This tutorial is designed to assist JavaTM developers who need to extract information from a database and place it into an XML document.
The tutorial assumes that you are already familiar with Java and XML in general, and the Document Object Model (DOM) in particular. You should be familiar with Java programming, but prior knowledge of database connections using JDBCTM is not required to master the techniques described in this tutorial. The tutorial briefly covers the basics of SQL. GUI programming knowledge is not necessary because application input/output is handled from the command line. The links in Resources include referrals to tutorials on XML and DOM basics, and to a detailed SQL backgrounder.
XML works so well for storing data that it's inevitable that at some point someone will ask you to pull information from a database and manipulate it as though it were XML. JDBC is a vendor-independent method for accessing databases using Java. This tutorial explains how to instantiate and use a JDBC driver to connect to a database in order to retrieve information. It also explains the basics of SQL, and how to create and use the results of a JDBC query.
The goal of the tutorial is to extract data from a database and create a DOM document. The structure of the DOM document is determined by an XML mapping file, which demonstrates one way that XML files can be used for this purpose.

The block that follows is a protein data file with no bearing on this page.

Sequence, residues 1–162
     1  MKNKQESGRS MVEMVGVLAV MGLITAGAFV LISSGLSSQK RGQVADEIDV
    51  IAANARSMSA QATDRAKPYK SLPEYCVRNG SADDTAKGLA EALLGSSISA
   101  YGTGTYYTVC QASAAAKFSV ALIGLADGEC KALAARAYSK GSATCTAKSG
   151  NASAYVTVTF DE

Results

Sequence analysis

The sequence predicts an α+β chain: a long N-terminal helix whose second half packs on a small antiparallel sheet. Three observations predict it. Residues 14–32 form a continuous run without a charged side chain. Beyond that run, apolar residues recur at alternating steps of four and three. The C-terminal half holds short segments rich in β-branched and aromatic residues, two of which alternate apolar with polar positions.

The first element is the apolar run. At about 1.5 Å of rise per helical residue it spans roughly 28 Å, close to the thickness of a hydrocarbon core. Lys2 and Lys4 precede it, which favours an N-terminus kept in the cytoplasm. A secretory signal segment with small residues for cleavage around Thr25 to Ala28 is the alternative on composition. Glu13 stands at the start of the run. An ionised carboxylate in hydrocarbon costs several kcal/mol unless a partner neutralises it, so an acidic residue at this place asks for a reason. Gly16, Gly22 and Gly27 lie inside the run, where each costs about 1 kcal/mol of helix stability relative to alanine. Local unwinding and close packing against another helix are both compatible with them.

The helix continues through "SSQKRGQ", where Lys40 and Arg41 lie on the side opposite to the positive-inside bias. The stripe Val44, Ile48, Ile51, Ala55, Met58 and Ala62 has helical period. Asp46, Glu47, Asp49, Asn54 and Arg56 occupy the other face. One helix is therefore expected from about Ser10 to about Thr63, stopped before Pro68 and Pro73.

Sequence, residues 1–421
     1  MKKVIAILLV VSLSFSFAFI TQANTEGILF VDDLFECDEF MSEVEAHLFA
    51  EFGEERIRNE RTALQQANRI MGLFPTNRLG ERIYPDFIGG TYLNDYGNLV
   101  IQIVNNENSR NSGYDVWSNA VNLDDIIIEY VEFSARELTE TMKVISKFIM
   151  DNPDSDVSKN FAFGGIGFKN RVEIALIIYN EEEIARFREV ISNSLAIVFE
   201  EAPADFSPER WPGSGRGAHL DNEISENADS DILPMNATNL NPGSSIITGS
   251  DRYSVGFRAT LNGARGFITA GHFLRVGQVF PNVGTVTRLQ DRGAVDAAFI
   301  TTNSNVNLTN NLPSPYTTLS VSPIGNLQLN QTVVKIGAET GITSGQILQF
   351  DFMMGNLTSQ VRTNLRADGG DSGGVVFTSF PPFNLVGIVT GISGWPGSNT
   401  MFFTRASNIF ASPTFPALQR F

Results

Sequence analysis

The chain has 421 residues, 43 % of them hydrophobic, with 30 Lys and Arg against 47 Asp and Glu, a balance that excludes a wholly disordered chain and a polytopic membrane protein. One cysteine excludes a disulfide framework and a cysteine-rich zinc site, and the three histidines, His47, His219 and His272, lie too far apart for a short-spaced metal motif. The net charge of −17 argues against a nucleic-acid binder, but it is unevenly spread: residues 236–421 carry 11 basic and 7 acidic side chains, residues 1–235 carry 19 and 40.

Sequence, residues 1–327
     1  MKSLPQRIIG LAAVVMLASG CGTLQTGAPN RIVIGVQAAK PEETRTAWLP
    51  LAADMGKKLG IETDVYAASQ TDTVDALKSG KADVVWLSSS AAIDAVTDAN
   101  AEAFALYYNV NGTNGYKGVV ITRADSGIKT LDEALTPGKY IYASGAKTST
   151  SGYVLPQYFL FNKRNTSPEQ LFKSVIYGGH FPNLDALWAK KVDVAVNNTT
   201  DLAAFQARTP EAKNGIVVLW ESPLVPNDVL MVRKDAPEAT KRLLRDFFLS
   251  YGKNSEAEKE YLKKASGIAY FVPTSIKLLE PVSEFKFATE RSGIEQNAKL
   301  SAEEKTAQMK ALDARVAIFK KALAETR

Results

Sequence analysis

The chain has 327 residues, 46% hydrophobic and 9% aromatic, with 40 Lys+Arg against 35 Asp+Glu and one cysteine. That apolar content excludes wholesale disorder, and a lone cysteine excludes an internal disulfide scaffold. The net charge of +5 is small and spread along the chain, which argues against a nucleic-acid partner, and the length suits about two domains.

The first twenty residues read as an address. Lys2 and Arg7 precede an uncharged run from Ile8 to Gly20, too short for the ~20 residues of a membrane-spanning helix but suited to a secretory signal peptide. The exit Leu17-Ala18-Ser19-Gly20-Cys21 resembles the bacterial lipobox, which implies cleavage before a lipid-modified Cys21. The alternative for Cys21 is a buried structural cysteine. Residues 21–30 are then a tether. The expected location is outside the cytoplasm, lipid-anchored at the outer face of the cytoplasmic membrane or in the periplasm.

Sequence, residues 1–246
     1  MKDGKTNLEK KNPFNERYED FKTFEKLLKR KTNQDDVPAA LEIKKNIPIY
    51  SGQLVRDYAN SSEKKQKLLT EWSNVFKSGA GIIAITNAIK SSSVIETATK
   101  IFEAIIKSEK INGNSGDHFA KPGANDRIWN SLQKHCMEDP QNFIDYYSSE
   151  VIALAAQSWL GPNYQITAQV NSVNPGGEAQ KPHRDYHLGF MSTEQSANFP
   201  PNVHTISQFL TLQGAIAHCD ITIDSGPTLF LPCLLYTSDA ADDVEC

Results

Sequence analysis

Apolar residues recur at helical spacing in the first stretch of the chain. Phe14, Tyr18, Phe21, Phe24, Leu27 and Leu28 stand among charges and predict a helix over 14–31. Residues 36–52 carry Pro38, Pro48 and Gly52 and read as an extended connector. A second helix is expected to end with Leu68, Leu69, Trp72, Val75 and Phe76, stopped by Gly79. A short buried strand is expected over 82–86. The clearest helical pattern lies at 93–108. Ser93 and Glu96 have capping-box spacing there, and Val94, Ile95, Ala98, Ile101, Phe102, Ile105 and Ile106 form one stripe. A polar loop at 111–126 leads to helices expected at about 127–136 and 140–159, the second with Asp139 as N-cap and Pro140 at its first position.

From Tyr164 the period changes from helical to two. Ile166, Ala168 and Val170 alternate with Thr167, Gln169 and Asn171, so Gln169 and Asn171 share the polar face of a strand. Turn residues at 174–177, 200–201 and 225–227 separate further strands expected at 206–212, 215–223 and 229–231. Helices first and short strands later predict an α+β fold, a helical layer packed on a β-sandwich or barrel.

This tutorial will help you understand the topic even if you read the examples rather than trying them out. If you do want to try the examples as you go through this tutorial, make sure you have the following tools installed and working correctly:
- A text editor: XML and Java source files are simply text. To create and read them, a text editor is all you need.
- A Java environment such as the Java 2 SDK, which is available at http://java.sun.com/j2se/1.3/.
- Java APIs for XML Processing: Also known as JAXP 1.1, this is the reference implementation that Sun provides. You can download JAXP in Java Web Services Developer Pack 1.1.
- Any database that understands SQL, as long as you have an ODBC or JDBC driver. You can find a searchable list of more than 150 JDBC drivers at http://industry.java.sun.com/products/jdbc/drivers. (If you have an ODBC driver, you can skip this step, and use The JBDC-ODBC bridge.) This tutorial uses JDataConnect, available at http://www.jnetdirect.com/products.php?op=jdataconnect.
There are several conventions used to reinforce the material in this tutorial:
- Text that needs to be typed is displayed in a
bold monospacefont. In some code examples bold is used to draw attention to a tag or element being referenced in the accompanying text.
- Emphasis/Italics is used to draw attention to windows, dialog boxes, and feature names.
monospacefont presents file and path names.
- Throughout this tutorial, code segments irrelevant to the discussion have been omitted and replaced with ellipses (